Simulator Demonstrates Tire Blowout Safety System
March 6, 2011
Visitors to the Shanghai Auto Show in April will have the unique opportunity to drive the famous Hangzhou Bay Bridge in a driving simulator constructed at UMTRI.
Former UMTRI research scientist Tom Gillespie, now with Mechanical Simulation Corporation of Ann Arbor, developed the simulator with his colleague, Dr. Jin Hu, and UMTRI engineers to demonstrate a tire blowout safety system for the Geely auto company.
When a tire blowout occurs, a vehicle can become hard to handle. The simulator allows people to see just how difficult that situation can be.
"In the simulator, people will experience a tire blowout while driving," Gillespie said. "Then we'll turn the safety system on, and they'll be able to see the improvement in vehicle handling."
The driver sits in a cab replicating the interior of a vehicle and "drives" across the Hangzhou Bay Bridge displayed across three computer screens.
"We took a lot of care to get the details of the bridge right," said Gillespie, who added that a driving simulator built by Mechanical Simulation for last year's auto show was extremely popular.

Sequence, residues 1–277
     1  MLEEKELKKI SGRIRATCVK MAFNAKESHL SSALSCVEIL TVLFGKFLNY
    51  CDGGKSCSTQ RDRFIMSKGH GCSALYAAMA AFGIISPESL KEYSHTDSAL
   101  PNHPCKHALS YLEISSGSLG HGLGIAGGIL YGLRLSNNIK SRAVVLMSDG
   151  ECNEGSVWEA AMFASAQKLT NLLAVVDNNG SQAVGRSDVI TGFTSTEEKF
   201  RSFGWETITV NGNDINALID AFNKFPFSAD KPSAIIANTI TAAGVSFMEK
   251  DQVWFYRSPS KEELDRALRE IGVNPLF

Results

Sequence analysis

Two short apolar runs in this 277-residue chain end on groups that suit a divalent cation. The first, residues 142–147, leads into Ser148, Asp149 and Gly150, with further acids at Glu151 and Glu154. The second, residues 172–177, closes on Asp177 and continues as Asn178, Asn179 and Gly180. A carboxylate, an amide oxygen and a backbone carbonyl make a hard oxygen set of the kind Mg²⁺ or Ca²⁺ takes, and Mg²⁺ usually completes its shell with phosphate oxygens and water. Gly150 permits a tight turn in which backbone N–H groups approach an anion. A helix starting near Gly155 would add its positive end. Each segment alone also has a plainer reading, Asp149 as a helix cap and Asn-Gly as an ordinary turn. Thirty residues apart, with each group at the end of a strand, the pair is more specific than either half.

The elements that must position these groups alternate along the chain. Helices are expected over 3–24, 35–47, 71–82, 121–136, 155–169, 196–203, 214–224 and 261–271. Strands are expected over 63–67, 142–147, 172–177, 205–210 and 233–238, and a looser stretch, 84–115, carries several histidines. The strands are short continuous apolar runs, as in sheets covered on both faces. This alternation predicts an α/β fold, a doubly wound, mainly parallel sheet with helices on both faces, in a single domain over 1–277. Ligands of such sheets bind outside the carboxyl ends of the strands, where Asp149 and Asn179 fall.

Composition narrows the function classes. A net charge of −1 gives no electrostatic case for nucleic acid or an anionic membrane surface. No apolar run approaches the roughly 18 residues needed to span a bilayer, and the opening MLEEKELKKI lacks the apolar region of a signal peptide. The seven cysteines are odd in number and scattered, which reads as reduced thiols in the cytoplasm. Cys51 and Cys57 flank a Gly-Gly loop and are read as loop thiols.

Perched several feet off the ground, the simulator cab sits on a platform moved by six actuators that can replicate the motion of an actual vehicle. The driver steering and throttle control inputs are fed to CarSim, a vehicle simulation program developed by Mechanical Simulation, that computes the vehicle motion, which is then transmitted to the actuators.
The simulator took two months to construct. UMTRI engineers John Koch, Mark Gilbert, and Brian Eby helped build the simulator, which was shipped to China on February 25.
For more information about the auto show, see Auto Shanghai 2011.
Photos by Joyce Daniels, UMTRI